6 And he said unto me, It is done. I am Alpha and Omega, the beginning and the end. I will give unto him that is athirst of the fountain of the water of life freely.

A wise person will prepare for the inevitable.

And the most inevitable thing in the world is our physical passing. We weren’t designed to live forever in our earthly bodies; we are eternal beings with eternal purposes.

With so sure an outcome, we would be wise to spend time on earth preparing for our eternal future.

Have you trusted Jesus Christ as your Savior? If so, then you can be confident that you will spend eternity with Him in heaven.

However, a common question for believers is, “But what will we do when we get there?” Despite common portrayals of the afterlife, we will not be sitting around on clouds and playing harps. An exciting future awaits believers.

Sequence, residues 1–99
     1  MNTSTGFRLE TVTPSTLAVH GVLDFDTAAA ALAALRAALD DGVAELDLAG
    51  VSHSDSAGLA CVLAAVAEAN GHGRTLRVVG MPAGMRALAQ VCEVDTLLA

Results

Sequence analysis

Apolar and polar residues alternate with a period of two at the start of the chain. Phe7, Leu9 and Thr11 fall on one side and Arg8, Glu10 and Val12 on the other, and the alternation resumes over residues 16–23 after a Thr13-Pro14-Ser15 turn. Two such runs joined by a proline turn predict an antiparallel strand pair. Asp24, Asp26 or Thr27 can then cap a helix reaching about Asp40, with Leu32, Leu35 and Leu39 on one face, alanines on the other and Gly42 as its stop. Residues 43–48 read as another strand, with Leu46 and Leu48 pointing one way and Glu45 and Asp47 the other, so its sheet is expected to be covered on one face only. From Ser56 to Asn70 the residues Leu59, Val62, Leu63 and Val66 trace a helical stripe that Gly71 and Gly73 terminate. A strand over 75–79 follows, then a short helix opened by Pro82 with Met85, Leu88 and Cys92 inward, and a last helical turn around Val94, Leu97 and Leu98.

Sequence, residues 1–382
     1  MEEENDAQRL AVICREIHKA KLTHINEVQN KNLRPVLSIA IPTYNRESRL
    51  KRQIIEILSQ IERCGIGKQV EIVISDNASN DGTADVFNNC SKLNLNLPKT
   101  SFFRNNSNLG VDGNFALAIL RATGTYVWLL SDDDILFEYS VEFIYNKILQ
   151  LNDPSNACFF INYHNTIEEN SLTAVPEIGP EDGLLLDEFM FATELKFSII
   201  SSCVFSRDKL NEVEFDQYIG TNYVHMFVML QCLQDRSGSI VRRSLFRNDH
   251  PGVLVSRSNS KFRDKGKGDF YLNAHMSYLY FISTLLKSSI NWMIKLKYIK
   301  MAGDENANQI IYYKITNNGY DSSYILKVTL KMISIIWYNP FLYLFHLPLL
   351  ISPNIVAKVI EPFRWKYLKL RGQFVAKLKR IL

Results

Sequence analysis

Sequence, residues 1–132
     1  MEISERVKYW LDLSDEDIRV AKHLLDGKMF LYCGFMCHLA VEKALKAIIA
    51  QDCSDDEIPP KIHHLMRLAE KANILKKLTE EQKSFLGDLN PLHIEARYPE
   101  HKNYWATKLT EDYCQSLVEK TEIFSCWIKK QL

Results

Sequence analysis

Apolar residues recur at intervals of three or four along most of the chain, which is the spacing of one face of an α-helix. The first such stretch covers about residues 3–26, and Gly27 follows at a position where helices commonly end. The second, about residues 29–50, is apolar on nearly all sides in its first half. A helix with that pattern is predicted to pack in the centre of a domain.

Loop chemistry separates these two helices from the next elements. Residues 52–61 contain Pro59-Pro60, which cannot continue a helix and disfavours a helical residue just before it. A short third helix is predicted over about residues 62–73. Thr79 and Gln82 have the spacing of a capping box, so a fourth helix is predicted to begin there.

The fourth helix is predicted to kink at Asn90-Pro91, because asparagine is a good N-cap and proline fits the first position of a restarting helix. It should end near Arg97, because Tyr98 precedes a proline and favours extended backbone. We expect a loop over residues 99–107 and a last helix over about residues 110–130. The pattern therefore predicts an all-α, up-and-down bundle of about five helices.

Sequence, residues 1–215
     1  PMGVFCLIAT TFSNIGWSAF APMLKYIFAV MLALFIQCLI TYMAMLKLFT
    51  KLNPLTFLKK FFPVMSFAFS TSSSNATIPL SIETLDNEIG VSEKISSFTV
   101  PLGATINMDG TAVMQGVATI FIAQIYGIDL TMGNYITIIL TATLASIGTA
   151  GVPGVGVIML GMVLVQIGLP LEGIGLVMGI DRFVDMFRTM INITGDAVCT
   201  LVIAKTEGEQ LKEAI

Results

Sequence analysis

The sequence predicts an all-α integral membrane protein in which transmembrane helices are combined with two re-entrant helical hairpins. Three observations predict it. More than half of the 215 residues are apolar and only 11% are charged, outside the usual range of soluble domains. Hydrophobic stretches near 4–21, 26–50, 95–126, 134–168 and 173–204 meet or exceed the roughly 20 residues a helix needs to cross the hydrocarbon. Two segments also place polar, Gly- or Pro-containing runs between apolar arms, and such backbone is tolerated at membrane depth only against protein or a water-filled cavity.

We will praise God.

If you’ve ever been passionately in love with someone, you probably remember how hard it is to think about anything else. In a way, that’s how we will view God in heaven—as our ultimate source of love and companionship—only, our relationship with Him will far surpass any “feeling” of love we’ve ever experienced. Far more than simply a feeling, it will be the outgrowth of a completely perfect union with our heavenly Father.

We will shine for God.

In heaven, earthly limitations will be stripped away, allowing the glory of God within every believer to shine brilliantly (Matt. 13:43).

We will reign with God.

Do you understand how valuable you are to your Creator? Romans 8:16-17 tells us that we are not only God’s children but also co-heirs with Christ. This means we will take part in all that the Father has designated for His Son.

Heaven is a reality, and in John 14:6, Jesus explained that there is just one way to get there: through Him.

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Living Victorious…

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1 Corinthians 1:17-31 (KJV)